By Melissa Chan
Curious potential voters watching Republicans duke it out during the eighth presidential debate Saturday in New Hampshire helped get about a half-dozen words trending on Dictionary.com. The digital dictionary provided TIME with a list of the most-searched definitions during the ABC debate between real estate mogul Donald Trump, Texas Sen. Ted Cruz, Florida Sen. Marco Rubio, retired neurosurgeon Ben Carson, New Jersey Gov. Chris Christie, former Florida Gov. Jeb Bush, and Ohio Gov. John Kasich.
Here’s what viewers looked up.
Definition: (noun) a harsh interrogation technique in which water is poured onto the face and head of the immobilized victim so as to induce a fear of drowning.
Debate Usage: The candidates were asked whether waterboarding was considered a form of torture and their thoughts on the use of enhanced interrogation techniques since 9/11. Trump said the technique works and that he would use it if elected to be commander-in-chief. “I’d bring back a hell of a lot worse than waterboarding,” Trump said. Cruz said waterboarding is not considered torture, under his definition that torture brings “excruciating pain that is equivalent to losing organs and systems.” “It is enhanced interrogation,” Cruz said, adding that he wouldn’t bring it back “in any sort of widespread use.”
Definition: (noun) the act of inflicting excruciating pain, as punishment or revenge, as a means of getting a confession or information, or for sheer cruelty.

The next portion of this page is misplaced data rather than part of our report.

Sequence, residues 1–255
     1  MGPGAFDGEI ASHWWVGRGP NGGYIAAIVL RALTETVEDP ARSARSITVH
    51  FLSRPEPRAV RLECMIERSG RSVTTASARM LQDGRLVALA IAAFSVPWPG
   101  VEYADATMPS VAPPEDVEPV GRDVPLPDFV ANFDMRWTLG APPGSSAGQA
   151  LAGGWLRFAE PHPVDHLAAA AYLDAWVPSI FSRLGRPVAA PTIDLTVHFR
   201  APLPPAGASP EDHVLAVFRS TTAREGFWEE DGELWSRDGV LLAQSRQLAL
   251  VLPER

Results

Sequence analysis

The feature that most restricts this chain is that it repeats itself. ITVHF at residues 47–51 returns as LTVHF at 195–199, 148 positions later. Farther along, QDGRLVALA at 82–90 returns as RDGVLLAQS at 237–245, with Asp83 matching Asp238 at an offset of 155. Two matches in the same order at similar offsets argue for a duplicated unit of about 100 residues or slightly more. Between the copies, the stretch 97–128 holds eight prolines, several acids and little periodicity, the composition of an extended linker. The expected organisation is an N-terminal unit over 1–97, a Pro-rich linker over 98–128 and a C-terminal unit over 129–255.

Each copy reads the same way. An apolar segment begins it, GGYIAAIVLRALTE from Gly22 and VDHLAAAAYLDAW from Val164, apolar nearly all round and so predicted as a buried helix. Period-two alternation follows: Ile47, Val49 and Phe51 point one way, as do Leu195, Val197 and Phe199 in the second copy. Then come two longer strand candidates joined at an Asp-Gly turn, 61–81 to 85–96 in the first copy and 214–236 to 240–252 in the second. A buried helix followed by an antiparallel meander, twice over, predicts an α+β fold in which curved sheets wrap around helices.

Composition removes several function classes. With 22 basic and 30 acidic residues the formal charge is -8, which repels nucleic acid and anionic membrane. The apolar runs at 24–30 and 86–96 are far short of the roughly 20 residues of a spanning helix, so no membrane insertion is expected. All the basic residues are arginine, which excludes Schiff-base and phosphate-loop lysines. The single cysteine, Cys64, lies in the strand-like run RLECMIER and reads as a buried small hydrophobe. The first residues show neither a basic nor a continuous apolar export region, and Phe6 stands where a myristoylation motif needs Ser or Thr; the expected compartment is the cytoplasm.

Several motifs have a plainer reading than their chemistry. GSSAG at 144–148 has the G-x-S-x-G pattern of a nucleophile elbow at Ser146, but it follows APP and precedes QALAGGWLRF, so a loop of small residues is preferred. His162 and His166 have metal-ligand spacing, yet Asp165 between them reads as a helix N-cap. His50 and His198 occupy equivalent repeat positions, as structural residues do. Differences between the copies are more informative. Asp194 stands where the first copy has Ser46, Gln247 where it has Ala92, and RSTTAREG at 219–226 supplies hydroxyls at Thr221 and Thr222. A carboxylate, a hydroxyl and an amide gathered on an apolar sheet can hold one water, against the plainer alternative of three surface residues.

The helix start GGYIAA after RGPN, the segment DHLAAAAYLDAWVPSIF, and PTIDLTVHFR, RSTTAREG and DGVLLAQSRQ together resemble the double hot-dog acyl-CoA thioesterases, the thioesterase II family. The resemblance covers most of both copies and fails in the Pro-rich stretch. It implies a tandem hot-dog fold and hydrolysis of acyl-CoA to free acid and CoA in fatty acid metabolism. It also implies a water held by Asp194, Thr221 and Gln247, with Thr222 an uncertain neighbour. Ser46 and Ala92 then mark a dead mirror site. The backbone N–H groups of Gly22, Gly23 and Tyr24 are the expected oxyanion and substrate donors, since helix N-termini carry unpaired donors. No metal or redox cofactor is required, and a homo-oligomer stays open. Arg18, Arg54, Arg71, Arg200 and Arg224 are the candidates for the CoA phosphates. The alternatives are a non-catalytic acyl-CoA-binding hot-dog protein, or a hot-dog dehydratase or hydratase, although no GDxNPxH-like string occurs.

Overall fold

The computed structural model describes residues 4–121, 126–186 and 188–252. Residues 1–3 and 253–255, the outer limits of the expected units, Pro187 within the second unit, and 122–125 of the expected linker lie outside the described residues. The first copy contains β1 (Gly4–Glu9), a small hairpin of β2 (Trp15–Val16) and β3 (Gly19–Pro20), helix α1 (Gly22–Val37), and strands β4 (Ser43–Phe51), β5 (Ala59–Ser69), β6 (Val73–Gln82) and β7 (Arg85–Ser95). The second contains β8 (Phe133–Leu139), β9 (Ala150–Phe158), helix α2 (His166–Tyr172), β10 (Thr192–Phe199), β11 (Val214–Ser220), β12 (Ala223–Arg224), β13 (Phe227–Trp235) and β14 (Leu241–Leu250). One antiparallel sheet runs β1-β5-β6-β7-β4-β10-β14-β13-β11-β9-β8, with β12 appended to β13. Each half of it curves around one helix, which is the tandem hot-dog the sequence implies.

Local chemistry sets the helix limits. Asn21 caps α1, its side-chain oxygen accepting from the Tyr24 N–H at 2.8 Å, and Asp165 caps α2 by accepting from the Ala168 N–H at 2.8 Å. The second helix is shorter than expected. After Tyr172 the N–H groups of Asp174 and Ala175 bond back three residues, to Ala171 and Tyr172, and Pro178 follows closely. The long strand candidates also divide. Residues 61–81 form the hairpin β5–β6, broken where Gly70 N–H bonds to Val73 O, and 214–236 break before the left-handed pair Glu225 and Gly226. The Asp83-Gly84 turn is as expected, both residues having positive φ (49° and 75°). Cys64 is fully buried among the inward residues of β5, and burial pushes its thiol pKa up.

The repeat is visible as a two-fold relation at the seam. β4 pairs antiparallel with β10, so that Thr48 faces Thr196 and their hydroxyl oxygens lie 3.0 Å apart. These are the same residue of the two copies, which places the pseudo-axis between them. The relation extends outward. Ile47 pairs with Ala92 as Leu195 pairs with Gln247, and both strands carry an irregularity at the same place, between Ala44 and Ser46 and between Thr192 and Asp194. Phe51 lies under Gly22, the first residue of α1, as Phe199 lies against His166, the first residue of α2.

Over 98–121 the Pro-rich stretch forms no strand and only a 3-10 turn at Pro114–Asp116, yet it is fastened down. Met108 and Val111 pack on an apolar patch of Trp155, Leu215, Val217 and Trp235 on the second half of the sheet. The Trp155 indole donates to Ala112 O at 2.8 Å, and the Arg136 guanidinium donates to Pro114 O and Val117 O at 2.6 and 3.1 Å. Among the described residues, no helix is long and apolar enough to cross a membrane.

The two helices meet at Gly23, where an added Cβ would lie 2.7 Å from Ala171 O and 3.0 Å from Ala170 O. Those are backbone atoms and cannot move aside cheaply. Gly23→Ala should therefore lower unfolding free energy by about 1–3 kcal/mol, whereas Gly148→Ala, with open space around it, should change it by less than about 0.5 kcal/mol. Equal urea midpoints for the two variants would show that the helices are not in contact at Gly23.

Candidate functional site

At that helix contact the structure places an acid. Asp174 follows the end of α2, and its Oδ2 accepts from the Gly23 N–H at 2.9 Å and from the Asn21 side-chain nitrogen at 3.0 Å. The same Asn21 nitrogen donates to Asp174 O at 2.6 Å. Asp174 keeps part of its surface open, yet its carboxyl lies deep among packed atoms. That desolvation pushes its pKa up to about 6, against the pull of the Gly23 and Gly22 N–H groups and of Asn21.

Debate Usage: The discussion on waterboarding helped drive a 157% increase in Dictionary.com users searching for the word “torture.”
Definition: (noun) a person who shirks or neglects his or her duty.
Debate Usage: Christie attacked Rubio’s Senate record, saying the Florida lawmaker has “not been involved” in consequential decisions. “When you talk about Hezbollah Sanctions Act that you list as one of your accomplishments, you weren’t even there to vote for it,” Christie said. “That’s not leadership. That’s truancy.” The word saw a 225% jump in searches.
Definition: (adjective) taken as a measure against something possible, anticipated, or feared; preventive; deterrent.
Debate Usage: The word “preemptive” was used at least five times during the Republican debate, leading to the 50% jump in searches. The candidates were asked how they would respond to this weekend’s rocket launch by North Korea and if they would consider a preemptive strike against the rocket as it sat on its launchpad in North Korea. Bush said he would approve a strike. “The next president of the United States is going to have to get the United States back in the game, and if a preemptive strike is necessary to keep us safe, then we should do it,” Bush said.
This article originally appeared on Time.com